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Thread: Why the hate on Pono?

  1. #1
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    Default Why the hate on Pono?

    I've seen a few posts lately where people are comparing Pono ukes to $40 Amazon ukuleles. I've been considering a pono pro classic, rather than paying double for one of the big Ks. But I don't want to drop a thousand dollars on garbage. Am I missing something?

  2. #2
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    I have never had any bad experiences with Pono besides just plain ol’ not bonding with one. Their quality is top notch and they offer solid woods with bone nut and saddles. Besides the chunkier neck, I can’t imagine anyone complaining and I CERTAINLY don’t think $40 ukes from Amazon even come close to the same level of tone and build quality.

  3. #3
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    I have heard 3 main complaints on Pono, 1. they are low volume 2. They are overbuilt/heavy and 3. The neck is too thick, front to back.

    I owned a Pono RTSH(S)-PC and found that the volume was fine, it wasnít the loudest or quietest uke Iíve played. The build, while robust, wasnít overbuilt and it was still very much a ukulele. The neck was thicker than I was accustomed to but I donít believe it was ever a factor and, after time, paired with the radius fretboard, it became barely noticeable. Overall, my feelings toward it were very middle of the road and ultimately sold it.

    Check out this video done by HMS, where they are using a different saddle to compare impact on different action heights, they use a Pono for the example and Tobias from the start claims the low action robs some instruments of their full potential, and the crew agreed there was a difference once the highest saddle was used, so maybe the low volume complaint stems from Pono a liking a bit higher action...or it was a coincidence.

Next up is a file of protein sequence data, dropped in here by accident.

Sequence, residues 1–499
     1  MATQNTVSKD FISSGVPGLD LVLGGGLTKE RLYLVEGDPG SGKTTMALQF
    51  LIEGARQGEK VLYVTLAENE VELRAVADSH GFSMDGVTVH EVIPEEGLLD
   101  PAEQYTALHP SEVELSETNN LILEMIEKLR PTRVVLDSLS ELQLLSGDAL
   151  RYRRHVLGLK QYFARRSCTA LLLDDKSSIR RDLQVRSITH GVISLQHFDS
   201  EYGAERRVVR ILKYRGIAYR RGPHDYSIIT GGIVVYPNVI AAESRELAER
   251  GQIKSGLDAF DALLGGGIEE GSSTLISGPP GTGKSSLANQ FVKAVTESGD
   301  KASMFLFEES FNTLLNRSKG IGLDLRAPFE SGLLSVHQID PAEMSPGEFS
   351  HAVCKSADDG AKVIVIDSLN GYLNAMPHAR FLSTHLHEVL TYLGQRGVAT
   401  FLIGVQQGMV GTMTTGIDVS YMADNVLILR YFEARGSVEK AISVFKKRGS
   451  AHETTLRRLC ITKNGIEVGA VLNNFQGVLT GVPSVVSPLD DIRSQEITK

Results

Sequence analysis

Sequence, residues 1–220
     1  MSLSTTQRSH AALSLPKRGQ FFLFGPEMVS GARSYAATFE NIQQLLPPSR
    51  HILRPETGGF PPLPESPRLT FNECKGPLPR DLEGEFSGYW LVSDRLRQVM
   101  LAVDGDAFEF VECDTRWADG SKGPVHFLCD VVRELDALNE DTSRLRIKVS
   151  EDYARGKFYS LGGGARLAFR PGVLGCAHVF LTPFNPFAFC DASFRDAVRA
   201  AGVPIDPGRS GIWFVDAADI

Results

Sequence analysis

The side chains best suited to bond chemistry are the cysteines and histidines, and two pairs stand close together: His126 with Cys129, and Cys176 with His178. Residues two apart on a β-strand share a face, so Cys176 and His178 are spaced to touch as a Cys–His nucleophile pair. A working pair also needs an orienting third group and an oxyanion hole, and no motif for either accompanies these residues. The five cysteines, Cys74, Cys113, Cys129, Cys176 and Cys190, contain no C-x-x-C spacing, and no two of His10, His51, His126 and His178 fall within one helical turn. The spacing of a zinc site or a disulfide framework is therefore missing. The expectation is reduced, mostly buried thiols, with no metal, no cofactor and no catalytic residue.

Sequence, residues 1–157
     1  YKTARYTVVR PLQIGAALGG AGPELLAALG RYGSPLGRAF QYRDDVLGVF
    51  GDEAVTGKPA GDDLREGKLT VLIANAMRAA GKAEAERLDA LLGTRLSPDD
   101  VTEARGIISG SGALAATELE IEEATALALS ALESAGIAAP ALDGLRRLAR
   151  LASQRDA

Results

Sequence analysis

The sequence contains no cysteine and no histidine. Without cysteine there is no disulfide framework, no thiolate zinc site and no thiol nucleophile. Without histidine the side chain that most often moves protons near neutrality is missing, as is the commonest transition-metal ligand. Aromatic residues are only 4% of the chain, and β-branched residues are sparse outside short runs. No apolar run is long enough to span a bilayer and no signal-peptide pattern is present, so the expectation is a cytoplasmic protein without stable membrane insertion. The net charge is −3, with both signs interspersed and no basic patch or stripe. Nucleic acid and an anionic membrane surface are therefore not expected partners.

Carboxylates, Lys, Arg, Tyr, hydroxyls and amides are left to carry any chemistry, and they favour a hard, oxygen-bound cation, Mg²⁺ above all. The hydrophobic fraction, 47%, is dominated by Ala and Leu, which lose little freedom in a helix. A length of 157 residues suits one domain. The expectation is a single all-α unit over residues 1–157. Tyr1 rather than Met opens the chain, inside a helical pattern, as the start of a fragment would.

https://m.youtube.com/watch?v=cO3i0FI1TQk

  4. #4
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    Quote Originally Posted by Awaters View Post
    I've seen a few posts lately where people are comparing Pono ukes to $40 Amazon ukuleles. I've been considering a pono pro classic, rather than paying double for one of the big Ks. But I don't want to drop a thousand dollars on garbage. Am I missing something?
    I absolutely love Ponos. I've never played a bad one. They are definitely better than $40 ukes on Amazon, but I understand not every uke works for everyone.

    I think your idea of saving money on a K brand to get a Pono is a good idea. Try to play a few Ponos if you can before buying. But personally I think you won't be disappointed with a pro classic. I got one recently and love it.

    The necks are a bit thick. Personally I like that feel. Then again, I have a Kanilea, very thin neck, and I like that one, too.
    -Abe (ah-bay)
    Teacher/musician/podcaster
    ukuleleabe.com
    Abeís Ukulele Podcast

  5. #5
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    Quote Originally Posted by Arob54 View Post
    I have heard 3 main complaints on Pono, 1. they are low volume 2. They are overbuilt/heavy and 3. The neck is too thick, front to back.
    I hadn't heard the complaint about volume before.

    I get the weight and neck complaint. But I've always loved how solid the weight and neck feels.
    -Abe (ah-bay)
    Teacher/musician/podcaster
    ukuleleabe.com
    Abeís Ukulele Podcast

  6. #6
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    I don't think there's any hate towards Pono. I had the Pono UL4-40 steel baritone and liked it a lot. I didn't like the thick neck. I could have had it shaved down by my luthier but decided to go custom instead. Buying and selling instruments is a way to find the "keepers" for yourself.